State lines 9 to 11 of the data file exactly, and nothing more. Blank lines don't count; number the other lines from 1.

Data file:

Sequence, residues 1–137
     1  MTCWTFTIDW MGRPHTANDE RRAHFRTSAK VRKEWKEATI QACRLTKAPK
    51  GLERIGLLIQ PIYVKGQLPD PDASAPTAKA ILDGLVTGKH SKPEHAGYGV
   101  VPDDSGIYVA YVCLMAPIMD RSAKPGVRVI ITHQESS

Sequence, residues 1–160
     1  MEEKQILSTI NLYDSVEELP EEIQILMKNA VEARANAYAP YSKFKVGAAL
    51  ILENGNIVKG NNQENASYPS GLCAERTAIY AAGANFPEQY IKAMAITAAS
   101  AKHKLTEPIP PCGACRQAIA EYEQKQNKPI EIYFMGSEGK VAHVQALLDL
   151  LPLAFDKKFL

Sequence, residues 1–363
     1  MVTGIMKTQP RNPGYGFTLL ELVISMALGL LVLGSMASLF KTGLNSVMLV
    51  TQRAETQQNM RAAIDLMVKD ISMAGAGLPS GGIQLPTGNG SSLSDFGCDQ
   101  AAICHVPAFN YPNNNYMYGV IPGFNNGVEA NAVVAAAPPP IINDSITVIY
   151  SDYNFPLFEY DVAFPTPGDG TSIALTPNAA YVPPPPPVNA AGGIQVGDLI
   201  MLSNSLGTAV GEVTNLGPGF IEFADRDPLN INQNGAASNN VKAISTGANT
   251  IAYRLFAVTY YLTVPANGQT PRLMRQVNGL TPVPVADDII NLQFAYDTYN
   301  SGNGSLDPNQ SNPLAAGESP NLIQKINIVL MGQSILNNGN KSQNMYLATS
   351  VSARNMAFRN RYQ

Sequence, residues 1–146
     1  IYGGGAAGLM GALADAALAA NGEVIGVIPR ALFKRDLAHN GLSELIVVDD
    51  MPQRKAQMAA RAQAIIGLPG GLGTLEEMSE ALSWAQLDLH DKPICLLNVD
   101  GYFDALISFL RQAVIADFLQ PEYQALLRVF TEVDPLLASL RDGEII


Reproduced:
   151  LPLAFDKKFL

Sequence, residues 1–363
     1  MVTGIMKTQP RNPGYGFTLL ELVISMALGL LVLGSMASLF KTGLNSVMLV